Please note that the newest Clarks Hill fishing report can be found at: http://www.anglersheadquarters.com/ahq-insider-clarks-hill-gasc-winter-fishing-report/
Clarks Hill water levels are at 320.00 (full pool is 330.00), and water temperatures are in the high 50s.
Water temperatures remain unseasonably warm, and perhaps as a result of this Buckeye Lures in Augusta reports that bassdon’t seem to have really gotten into the ditches they are known for inhabiting during the winter. The best pattern for catching numbers of fish seems to be targeting areas with rocks, as most of the typical structure that anglers like to fish is dry with water levels so low. Moving down the banks and fishing areas with emergent rocks with a jig or the The Sled is a good bet. There seem to be a lot of fish in the 10-12 foot range, and with the fish still in a winter mode it seems to make a big difference to drag the jig instead of hopping it.
Additionally, there are some fish up very shallow chasing shad in only a foot or two of water – particularly on warm days. These fish can be caught on a shallow running jerkbait.
Isolated reports indicate that some fish are being caught on a jigging blade or rattle trap in the grass. If the water temperatures drop fish should start to move into the ditches, but which way temperatures go is anybody’s guess.
On the striped bassfront Captain William Sasser (864-333-2000) reports that striper are starting to make their way down the lake. Should the warm temperatures continue, it should be within a week or so that fish make it all the way back down to the dam and anglers catch them cut bait fishing.
For now William has found the best success for big striper pulling free lines and planer boards very early in the day in the backs of mid-lake creeks. The best pattern for catching numbers of good 5-10 pound striper as well as big hybrids bas been fishing 40 feet down on the bottom at the mouth of creeks. The best action has been around the 378 bridge in the mid-lake. White perch are mixed in with the striper and hybrids in 40 feet of water on the bottom.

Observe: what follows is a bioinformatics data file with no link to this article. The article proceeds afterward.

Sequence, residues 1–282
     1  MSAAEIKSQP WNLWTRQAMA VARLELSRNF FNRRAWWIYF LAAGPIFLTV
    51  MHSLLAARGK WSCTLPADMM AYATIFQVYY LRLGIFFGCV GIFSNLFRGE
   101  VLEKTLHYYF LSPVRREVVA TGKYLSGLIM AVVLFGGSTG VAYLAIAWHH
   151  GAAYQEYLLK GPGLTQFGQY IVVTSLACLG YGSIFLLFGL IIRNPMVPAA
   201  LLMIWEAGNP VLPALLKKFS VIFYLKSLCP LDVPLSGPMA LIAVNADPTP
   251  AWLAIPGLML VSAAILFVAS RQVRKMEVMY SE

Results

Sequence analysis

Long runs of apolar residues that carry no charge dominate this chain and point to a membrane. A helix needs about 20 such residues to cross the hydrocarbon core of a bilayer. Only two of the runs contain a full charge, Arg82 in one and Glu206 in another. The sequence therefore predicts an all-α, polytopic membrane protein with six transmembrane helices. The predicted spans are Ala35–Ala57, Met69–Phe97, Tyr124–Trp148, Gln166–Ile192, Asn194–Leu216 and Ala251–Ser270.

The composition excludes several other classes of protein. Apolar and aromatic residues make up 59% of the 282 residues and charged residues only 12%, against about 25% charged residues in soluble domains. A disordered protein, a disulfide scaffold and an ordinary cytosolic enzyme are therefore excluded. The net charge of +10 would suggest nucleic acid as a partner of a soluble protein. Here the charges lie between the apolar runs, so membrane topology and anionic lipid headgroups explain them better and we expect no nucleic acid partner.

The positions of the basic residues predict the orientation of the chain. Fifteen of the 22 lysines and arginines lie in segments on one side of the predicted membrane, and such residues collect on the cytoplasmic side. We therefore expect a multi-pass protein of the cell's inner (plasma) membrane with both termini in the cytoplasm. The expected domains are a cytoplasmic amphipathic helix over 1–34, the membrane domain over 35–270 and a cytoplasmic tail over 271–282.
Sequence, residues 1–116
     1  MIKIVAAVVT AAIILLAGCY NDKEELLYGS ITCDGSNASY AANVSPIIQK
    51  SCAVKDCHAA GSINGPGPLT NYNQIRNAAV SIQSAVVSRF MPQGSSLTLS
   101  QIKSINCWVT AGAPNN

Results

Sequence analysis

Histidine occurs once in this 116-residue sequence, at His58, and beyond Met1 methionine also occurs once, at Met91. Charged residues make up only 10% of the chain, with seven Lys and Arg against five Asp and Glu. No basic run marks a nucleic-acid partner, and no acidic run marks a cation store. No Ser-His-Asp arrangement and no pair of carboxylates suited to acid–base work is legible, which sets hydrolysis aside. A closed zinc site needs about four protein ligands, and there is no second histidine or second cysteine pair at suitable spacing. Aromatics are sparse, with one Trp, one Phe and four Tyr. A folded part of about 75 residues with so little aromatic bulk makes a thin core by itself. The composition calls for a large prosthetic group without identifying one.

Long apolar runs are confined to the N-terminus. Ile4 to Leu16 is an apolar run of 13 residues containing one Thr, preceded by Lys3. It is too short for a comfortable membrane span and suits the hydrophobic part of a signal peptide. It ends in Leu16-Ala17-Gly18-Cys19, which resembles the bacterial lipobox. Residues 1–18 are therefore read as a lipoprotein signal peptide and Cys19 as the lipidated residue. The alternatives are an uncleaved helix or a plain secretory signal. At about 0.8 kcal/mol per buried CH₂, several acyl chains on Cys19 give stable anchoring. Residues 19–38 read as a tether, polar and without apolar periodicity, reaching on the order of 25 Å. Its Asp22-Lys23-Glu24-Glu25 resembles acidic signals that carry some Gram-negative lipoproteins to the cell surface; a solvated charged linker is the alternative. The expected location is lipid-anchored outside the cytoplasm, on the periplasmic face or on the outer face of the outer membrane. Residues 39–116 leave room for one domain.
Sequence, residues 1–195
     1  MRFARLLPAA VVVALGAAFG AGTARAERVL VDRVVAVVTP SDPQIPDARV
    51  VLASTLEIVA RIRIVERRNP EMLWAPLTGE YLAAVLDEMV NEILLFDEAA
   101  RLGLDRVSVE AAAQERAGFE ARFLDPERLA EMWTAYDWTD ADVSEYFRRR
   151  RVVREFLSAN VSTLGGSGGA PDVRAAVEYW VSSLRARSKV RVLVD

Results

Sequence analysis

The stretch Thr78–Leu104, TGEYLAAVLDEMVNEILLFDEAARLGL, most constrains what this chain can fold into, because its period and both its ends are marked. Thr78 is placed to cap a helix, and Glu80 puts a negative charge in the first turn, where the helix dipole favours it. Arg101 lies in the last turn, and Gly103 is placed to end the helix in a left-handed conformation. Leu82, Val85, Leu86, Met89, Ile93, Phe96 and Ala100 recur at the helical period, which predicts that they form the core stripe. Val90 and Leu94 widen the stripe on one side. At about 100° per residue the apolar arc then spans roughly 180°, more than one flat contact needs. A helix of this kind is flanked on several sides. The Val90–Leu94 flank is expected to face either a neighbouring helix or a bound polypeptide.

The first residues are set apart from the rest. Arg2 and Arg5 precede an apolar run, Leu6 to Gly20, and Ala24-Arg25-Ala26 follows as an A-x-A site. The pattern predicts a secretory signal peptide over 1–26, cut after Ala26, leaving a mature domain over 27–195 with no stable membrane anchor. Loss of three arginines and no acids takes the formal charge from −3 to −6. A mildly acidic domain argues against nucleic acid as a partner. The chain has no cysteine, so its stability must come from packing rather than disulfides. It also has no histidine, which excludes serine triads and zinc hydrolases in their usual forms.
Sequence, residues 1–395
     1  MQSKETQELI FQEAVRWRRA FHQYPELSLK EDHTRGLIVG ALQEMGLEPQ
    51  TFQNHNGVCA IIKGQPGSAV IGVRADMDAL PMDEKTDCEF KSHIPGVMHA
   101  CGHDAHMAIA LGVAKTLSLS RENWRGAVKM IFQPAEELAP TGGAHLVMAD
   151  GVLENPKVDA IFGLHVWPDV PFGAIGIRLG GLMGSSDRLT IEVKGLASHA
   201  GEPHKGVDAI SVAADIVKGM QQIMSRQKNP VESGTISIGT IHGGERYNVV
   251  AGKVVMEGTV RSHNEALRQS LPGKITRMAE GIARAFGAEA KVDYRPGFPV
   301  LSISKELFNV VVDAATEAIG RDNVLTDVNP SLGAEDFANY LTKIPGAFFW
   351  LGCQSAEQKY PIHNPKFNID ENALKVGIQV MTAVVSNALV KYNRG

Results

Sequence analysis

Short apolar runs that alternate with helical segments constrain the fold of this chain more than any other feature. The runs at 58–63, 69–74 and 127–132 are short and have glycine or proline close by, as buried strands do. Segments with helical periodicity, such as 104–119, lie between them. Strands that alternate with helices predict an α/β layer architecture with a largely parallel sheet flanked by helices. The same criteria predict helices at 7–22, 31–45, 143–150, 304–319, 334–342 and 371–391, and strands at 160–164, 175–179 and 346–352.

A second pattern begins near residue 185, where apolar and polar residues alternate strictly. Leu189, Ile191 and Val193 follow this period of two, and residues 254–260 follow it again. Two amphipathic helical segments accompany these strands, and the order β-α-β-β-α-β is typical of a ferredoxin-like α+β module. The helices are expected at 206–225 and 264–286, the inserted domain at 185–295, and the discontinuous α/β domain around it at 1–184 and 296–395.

There is very little change in the crappie pattern, and in the backs of creeks they are catching fish with minnows about 15 feet down over brush in about 30 feet of water. If temperatures stay where they are fish could be on the banks in a matter of days, if they are not already.
Clarks Hill water levels are down to 319.18 (full pool is 330.00) and water temperatures are in the low to mid-60s.
Water temperatures are unseasonably warm for the end of the year, and perhaps as a result of this Buckeye Lures in Augusta reports that bass fishing on Clarks Hill is almost like spring fishing. Bass are shallow in the backs of pockets and along the banks, and throwing a small square-billed crankbait you can get all the action you want from one to three pound fish in 4-5 feet of water. Both crawfish and shad-colored crankbaits are working.
There have also been some very good bags caught in recent tournaments, and in one winter event a 22-pound bag did not get a check! There have been reports that some of these big fish have been caught flipping deep docks that have some brush, and 5/8 ounce brown Mop Jigs have been selling very fast.
On the striped bassfront Captain William Sasser (864-333-2000) reports that very little has changed, but the bite is “awesome.” Fish should be migrating up the lake, but there are still a lot of fish in the mid-lake. Striper and hybrids are being caught on the bottom in 30-40 feet of water at the mouths of tributaries up the Georgia Little River and the Savannah River in areas like Shriver Creek. The only significant difference in the striper bite is that the presence of birds will now point out the areas that striper are holding, even though there is not surface schooling activity going on.
The crappie pattern remains relatively unchanged, and they are catching some impressive numbers of solid fish. William’s boat is still catching nice one-pound plus fish in the backs of tributaries fishing 15-20 feet deep in 25-30 feet of water. Fishing around brush next to the creek channel has been key, and minnows have been catching fish.